What sets the Cedar River Watershed HCP apart from other HCPs?

More than 230 HCPs have been developed since the ESA first authorized them in 1982. Many have been criticized for asserted deficiencies such as lack of public involvement, absence of scientific basis, lack of clear biological objectives and monitoring related to these objectives, and failure to provide a "net benefit" for species. Seattle’s Cedar River Watershed HCP addresses these concerns. The Cedar River Watershed HCP is based on the best available scientific information and over 10 years of collaborative research.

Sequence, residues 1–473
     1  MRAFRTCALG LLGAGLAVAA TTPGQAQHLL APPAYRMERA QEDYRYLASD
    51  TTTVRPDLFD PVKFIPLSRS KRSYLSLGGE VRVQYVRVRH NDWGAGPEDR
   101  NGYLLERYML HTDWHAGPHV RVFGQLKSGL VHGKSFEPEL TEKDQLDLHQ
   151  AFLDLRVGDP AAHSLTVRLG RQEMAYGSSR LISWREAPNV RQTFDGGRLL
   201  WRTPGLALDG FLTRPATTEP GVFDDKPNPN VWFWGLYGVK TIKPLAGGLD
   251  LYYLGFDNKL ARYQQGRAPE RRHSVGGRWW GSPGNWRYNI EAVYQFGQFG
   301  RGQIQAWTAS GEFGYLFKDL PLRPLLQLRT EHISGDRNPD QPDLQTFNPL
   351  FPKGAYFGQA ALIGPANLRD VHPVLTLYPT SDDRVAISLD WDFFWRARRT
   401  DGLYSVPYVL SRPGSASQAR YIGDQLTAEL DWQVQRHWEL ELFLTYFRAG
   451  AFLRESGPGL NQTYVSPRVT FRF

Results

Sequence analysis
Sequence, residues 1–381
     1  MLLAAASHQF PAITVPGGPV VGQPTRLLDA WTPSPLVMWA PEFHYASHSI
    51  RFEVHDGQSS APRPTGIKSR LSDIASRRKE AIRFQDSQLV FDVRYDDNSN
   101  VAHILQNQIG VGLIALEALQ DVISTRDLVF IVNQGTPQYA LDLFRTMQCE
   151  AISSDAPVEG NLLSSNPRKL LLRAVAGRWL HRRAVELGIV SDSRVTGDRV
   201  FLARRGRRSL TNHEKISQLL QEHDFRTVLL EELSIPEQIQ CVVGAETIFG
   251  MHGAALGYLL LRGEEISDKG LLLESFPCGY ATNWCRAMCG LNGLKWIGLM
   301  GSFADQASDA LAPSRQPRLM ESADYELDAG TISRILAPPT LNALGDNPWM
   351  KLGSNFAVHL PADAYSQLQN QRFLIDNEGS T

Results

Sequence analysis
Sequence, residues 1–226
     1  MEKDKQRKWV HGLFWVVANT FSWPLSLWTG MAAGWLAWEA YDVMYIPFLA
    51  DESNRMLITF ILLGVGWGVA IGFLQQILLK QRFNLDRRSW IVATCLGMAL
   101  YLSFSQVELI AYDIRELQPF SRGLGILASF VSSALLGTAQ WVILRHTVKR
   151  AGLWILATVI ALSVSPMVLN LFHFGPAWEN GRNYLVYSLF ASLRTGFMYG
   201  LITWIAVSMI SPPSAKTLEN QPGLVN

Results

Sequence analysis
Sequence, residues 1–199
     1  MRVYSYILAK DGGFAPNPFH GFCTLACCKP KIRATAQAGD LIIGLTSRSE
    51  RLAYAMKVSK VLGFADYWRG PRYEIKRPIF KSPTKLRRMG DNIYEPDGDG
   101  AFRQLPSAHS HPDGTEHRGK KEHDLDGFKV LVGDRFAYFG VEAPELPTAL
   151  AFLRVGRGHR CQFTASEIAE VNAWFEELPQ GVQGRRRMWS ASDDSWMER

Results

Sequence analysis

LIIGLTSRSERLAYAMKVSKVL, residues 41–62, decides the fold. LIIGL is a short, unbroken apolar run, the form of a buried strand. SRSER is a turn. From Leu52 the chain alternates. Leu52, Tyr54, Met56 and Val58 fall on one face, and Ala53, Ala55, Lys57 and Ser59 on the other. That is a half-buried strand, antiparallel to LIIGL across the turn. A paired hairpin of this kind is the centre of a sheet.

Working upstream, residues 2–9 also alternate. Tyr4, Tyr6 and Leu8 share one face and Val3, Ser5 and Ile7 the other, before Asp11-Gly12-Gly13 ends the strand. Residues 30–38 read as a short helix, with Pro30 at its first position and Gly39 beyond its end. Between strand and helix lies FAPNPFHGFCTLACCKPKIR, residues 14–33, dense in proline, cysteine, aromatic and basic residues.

The plan was developed in collaboration with state and federal agencies, with input from tribal biologists and leading regional scientists. Extensive public participation in HCP development began in 1994, involving more than 100 presentations, workshops, field trips, and meetings, engaging the public and scientists in development, review, and revisions to the draft HCP. In the implementation phase, stakeholders, scientists, and the Muckleshoot Indian Tribe continues to be involved in an advisory capacity by way of participation on oversight committees. In addition to issues governed by the ESA, the Cedar River Watershed HCP addresses related resource issues with the State of Washington, the U.S. Army Corps of Engineers, and the Muckleshoot Indian Tribe.